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Funky Monkeys
(March 06, 2003) -
-  What could be more frightening than a group of HR folks who think that they are technologists? Would you let your kids drive across a bridge that they built? Well, there is a hyperactive collection of monkeys who think of themselves as 'our' technology enablers. They are called the HR-XML (the sound you make when clearing your throat)  Consortium.

Fresh out of their hands is a masterpiece of 1984 style computer architecture regarding the standardization of Background Checking, Credit Report and Screening Data. Approved at the end of February, the new standard includes the following language:

Human resources data, by its very nature, is personal data. The laws of many jurisdictions as well as codes of fair information practice require organizations to handle personal data in a way that protects individuals from loss of privacy. The data exchange specifications developed by the HR-XML Consortium are designed to be useful across many jurisdictions and within a variety of business contexts. It is not feasible for the HR-XML Consortium to develop specific privacy guidance for every jurisdiction or business context in which the Consortium's specifications might be implemented. When implementing data exchanges using the HR-XML Consortium's data definitions (or, for that matter, using any other type of data exchange mechanism), organizations are advised to examine the privacy protections that may be required under applicable law and codes of fair information practice. For information on protecting personal data, general references include: European Union Data Protection Directive (95/46/EC); the Association Computing Machinery Code of Ethics (1992); Canadian Standards Association Model Code for the Protection of Personal Information (1995 PIPEDA); and U.S.-EU Safe Harbor Principles and FAQs (2000).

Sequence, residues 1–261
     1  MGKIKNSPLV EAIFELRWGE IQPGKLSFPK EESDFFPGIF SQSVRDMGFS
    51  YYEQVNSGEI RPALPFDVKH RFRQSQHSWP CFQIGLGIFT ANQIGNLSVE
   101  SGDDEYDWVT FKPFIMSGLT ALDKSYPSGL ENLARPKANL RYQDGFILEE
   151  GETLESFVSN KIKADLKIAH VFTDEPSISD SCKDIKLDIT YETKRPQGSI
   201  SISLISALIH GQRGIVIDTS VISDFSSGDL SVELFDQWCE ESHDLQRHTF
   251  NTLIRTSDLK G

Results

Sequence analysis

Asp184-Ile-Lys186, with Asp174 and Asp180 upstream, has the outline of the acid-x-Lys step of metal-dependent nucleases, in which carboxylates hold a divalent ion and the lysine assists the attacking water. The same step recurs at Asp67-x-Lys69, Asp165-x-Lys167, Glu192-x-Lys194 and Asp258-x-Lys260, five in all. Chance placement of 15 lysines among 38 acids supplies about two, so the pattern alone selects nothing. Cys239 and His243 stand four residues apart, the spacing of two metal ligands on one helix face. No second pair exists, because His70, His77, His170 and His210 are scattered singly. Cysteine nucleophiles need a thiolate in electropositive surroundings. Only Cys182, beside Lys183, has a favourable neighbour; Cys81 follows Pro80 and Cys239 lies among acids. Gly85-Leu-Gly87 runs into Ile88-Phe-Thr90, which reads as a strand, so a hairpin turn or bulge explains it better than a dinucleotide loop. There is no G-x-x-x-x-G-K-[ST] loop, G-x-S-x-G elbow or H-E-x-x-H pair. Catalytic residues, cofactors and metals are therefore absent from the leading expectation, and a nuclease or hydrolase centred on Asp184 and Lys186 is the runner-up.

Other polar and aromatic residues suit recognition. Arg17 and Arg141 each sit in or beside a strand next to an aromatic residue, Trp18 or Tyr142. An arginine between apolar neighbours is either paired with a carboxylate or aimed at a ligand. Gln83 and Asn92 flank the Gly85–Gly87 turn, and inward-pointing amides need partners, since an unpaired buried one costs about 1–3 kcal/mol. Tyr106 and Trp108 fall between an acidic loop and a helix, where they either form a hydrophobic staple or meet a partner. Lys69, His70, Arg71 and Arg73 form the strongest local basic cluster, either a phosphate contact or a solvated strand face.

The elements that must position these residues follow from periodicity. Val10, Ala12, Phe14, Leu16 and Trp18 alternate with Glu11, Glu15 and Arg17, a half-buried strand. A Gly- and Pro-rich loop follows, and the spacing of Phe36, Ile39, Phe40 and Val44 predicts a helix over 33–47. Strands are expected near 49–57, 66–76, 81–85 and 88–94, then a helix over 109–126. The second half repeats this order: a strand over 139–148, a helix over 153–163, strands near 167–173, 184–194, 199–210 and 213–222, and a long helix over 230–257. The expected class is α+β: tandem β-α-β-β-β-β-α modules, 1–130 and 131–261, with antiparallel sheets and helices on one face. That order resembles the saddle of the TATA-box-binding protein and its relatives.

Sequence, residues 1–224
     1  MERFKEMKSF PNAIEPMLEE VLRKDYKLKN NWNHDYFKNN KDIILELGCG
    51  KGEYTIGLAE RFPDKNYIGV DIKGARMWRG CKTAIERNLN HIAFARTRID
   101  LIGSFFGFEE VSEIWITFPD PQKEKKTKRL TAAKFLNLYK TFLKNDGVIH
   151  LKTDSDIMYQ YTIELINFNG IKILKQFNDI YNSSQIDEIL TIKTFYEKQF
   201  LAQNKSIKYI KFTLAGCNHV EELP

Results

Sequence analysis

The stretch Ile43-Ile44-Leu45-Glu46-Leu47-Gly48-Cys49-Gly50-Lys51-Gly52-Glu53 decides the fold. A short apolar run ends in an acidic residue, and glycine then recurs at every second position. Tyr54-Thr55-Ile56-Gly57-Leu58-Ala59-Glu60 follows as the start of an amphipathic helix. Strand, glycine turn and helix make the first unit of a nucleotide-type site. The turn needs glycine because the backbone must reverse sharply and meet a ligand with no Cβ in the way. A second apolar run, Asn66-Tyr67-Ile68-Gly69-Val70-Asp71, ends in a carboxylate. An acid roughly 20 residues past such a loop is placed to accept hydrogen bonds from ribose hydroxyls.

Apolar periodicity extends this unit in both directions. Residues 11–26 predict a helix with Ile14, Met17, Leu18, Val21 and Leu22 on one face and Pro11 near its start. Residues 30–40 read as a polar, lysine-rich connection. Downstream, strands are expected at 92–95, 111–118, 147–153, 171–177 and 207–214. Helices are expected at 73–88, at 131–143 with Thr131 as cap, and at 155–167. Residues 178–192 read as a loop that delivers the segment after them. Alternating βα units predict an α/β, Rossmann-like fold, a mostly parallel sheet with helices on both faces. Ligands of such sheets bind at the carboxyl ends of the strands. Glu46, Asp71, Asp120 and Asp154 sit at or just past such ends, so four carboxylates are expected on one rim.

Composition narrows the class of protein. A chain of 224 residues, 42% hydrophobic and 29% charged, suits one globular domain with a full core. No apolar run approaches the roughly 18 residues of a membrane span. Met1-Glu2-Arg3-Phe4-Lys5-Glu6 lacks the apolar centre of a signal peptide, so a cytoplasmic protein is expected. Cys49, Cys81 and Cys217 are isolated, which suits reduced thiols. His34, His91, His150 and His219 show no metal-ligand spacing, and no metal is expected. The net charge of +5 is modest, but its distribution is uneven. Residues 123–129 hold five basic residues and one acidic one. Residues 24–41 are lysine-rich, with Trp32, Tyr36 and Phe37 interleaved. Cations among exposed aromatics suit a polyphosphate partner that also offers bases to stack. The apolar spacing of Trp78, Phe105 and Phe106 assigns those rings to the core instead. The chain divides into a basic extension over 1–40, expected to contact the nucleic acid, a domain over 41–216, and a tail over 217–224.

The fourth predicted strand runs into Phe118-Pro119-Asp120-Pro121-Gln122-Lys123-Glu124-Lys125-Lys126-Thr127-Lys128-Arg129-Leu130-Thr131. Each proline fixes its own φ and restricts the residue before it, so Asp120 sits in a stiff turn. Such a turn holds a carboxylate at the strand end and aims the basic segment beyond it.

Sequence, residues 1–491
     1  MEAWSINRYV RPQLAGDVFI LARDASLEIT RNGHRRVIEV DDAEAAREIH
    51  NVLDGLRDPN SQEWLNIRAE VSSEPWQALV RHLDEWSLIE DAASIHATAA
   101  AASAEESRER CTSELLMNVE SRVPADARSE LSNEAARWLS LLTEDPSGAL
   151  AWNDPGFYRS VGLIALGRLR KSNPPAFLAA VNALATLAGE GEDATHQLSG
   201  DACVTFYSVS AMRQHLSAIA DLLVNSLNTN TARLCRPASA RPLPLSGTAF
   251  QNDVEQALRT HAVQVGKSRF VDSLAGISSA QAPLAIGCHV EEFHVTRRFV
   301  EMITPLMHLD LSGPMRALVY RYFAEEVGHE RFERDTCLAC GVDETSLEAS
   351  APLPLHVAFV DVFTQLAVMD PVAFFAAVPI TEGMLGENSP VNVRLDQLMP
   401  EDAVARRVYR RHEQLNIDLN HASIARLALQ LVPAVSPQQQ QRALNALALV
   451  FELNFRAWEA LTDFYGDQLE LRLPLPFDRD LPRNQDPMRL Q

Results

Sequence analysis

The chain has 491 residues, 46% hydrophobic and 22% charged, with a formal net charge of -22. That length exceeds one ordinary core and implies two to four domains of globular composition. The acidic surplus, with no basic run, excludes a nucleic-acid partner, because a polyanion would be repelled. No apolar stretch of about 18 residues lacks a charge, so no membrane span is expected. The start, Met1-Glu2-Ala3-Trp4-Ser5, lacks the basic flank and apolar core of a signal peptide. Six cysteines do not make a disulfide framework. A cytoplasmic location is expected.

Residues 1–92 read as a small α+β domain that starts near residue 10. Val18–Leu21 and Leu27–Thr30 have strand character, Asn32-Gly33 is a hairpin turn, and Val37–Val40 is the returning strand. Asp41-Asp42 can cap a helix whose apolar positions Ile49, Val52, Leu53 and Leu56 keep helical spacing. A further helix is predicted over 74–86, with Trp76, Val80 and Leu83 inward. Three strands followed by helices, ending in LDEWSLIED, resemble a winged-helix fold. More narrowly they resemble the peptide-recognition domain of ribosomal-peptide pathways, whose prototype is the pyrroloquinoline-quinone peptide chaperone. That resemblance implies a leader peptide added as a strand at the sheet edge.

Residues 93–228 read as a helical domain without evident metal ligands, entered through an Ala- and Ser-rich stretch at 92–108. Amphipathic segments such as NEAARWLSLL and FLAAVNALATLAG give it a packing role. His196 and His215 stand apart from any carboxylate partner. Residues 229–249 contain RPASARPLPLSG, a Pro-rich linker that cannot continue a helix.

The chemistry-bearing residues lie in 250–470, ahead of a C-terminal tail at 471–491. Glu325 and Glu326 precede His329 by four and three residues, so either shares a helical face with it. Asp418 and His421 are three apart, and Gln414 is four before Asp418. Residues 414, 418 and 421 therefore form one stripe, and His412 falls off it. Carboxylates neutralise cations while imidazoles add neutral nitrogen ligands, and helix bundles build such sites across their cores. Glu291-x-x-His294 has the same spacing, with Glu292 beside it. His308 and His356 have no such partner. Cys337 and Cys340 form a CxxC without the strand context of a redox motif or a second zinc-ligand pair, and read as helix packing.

Implementers of the HR-XML Consortium's Credit Report schema are advised to review applicable law in the jurisdictions in which they operate. For example, in United States, the Fair Credit Reporting Act may require third-party providers of background-check services to obtain the consent of search subjects and to advise them of results before adverse action is taken.

Of course the assembled masses of vendors and a few HR Departments (about 1% of the membership) can get away with this foolishness. The HR-XML Consortium is a non-accountable feeding frenzy of vendors cutting each other slap-on-the-back deals. The Background checking spec was written by, you guessed it, Background Checking vendors. No candidate input, no regulatory input and above all, no HR input. That way, when the liability issues rear their heads, they can say "Hey we only were in it for the technology." Then they get to bill for the customization associated with a spec that is supposed to remove the need for customization.

That kind of foolishness can be overlooked when it involves meaningless data. In this case, however, the privacy issues are extreme. Without guidance and under the cover of the darkness of ignorance, these clowns are assembling a data tool of Orwellian proportions and shrugging their shoulders about the implications.

If you work for a vendor on the list or have an account with them, inquire strongly about the exposure to privacy liability that they are creating. Have them tell you why they are building a system that puts you at risk.

- John Sumser  

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Materials written by John Sumser © TwoColorHat. All Rights Reserved.
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